Everyone around me is sick.
This is not a rare circumstance, especially during the slow descent into winter, when morale and immune systems begin to weather with the weather.
What is strange and new and novel is that I am not.
Every relationship has various power dynamics. When it comes to sickness, I have always played the part of the host monkey, and Charlie the one who reluctantly gets into bed with it night after night.
Though it took a while for him to realize he wasn’t in any imminent danger, I always marveled at his immune system. At his ability to spend time with a sick person and not get sick. This is what it must be like to be a normal, strong person, I thought. So productive, so freeing.
In fact, while I made my official goal of The Wellness Project to be able to” wake up with energy excited to take on the day,” the secondary one was to build up my immune system to the point where I run out to get a carton of almond milk and not come back with a common cold.
Since we’re two years in the hole now, I think I can say, without any spoiler alerts, that my biggest goal was accomplished. But more impressive than that, is this secondary goal.
I used to not be able to count the number of times a year I was sick. I often couldn’t remember the last time because the times would blur together into one parade of minor to severe illness, my night table a perpetual pile of used tissues, my nose a consistent fuchsia.
Now I can’t remember the last time I was sick because it’s been so long. During book tour especially, I felt myself getting dangerously close. But a day of green liquids and hot baths and good sleep usually boomeranged me back into shape.
This week marks the first time though that Charlie has been sick and I haven’t been. It feels a little early to gloat, and part of me feels like I am jinxing myself just by writing it. But another part of me—a long lost pre-autoimmune part of me—is not worried. Imagine that?
I have, however, been trying to stay up on my greens just in case, which is where this creamy parsnip soup comes in.
A low FODMAP diet is not one that’s particularly kind to people who like to eat their vegetables. Besides leafy greens and herbs, most other options are off the table. My mother’s classic green detox soup, however, is remarkably 100 percent doable for this diet. It’s a simple combination of zucchini, chard, cilantro and lemon juice, and gets you back on your feet unlike anything else in my arsenal.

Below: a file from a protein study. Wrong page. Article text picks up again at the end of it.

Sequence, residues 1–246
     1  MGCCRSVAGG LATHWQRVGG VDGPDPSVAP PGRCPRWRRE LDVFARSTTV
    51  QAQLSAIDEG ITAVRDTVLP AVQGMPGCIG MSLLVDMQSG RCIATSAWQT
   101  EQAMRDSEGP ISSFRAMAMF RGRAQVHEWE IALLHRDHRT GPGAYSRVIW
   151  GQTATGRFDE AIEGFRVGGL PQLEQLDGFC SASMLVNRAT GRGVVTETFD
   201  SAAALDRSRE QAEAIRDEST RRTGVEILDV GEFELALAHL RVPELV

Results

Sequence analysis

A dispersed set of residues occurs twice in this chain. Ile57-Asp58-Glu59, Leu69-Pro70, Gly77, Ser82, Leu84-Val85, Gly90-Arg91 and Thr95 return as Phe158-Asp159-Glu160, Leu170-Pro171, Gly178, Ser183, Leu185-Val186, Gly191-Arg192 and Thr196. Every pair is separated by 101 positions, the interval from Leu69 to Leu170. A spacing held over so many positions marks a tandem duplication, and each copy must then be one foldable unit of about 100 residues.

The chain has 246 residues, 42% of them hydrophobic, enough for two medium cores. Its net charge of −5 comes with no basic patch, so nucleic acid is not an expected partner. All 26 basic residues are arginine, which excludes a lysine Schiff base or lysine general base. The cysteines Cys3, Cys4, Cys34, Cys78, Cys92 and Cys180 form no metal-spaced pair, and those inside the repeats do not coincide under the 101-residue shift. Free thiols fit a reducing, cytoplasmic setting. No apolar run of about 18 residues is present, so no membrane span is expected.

I decided to use the whole bunch of herbs trick to add a little green to a more rich, indulgent potage—the creamy combination of sweet, woody parsnips and potatoes. You can use any herbs you like, but I love the trio of basil, parsley and chives, which gives it that slight onion quality I so miss.
On top, I drizzled a simple garlic-chili oil. These infused oils are a back-pocket savior for low FODMAP cooking. Since the carbohydrates you’re avoiding in the garlic are not fat soluble, you can get away with infusing it into oils.
If you’re feeling a little on the fence health-wise, this satisfying green (but not too green) soup will help comfort you back to strength. And if you’re looking for ways to build up your overall strength so you don’t get hit with cold and flu season in the first place, well there’s no better reason to take on a mini wellness project of your own.
The February 5th session of my online course 4 Weeks to Wellness has 10 spots left. This program is not about quick fixes, grueling workouts or starvation-style cleanses. It’s about getting to the bottom of food vices and sensitivities, reevaluating your sleep, stress, hydration skincare and movement, and making over your habits for the long haul. Common colds be damned.
I hope you’ll join me this round!
With health and hedonism,
p.s. If you’re looking to save time in your low FODMAP kitchen, check out some of these fabulous store bought sauces, spice mixes and condiments.
Creamy Green Parsnip Soup with Three Herbs and Chili-Garlic Oil
- 2 tablespoons unsalted butter ghee or coconut oil for Whole30
- 6 medium parsnips about 2 pounds, peeled and cut into 1/2 inch chunks
- 1 small russet potato about 1/3 pound, peeled and cut into 1/2 inch chunks
- 2 tablespoons sherry red wine or apple cider vinegar for Whole30
- One 14.5-ounce can full fat coconut milk
- 1 quart chicken or vegetable stock
- 1 teaspoon sea salt
- 1 small bunch parsley bottom half (the stems) removed
- 1/4 cup basil leaves
- 1/4 cup chopped chives
In a large stockpot or Dutch oven, heat the butter, ghee or oil. Over medium-high heat, sauté the parsnips until lightly browned, about 10 minutes. Add the potatoes and vinegar and scrape up any brown bits that formed on the bottom of the pan.
Pour in the coconut milk, vegetable stock and salt. Bring to a boil, cover and reduce the heat to medium-low. Simmer the parsnips and potatoes until fork-tender, about 15 more minutes.
Meanwhile, make the oil: in a small saucepan, gently heat the garlic, chili flakes and olive oil over a medium-low flame until very fragrant, about 10 minutes. If the garlic begins to brown, reduce the heat. Allow to cool to room temperature, then strain the garlic and chili through a fine mesh strainer and store in an airtight glass jar for up to a week.
When the soup is ready, remove from the heat and stir in the parsley, basil and chives. Transfer the soup immediately to a blender (or use an immersion blender) and puree until smooth, adding more stock as necessary to reach your desired consistency.
Ladle the soup into bowls and garnish with excess herbs and the chili-garlic oil.